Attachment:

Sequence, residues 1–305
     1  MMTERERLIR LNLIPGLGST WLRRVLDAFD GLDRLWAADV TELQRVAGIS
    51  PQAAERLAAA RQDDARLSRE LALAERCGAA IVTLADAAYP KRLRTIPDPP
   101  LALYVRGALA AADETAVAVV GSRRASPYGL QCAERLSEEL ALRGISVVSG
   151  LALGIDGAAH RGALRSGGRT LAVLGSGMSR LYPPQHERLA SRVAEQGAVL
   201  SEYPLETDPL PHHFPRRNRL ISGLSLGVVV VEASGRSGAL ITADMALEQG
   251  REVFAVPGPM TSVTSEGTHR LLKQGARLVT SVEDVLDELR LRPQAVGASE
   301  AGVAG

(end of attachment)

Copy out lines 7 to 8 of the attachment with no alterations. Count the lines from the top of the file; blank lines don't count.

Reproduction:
   251  REVFAVPGPM TSVTSEGTHR LLKQGARLVT SVEDVLDELR LRPQAVGASE
   301  AGVAG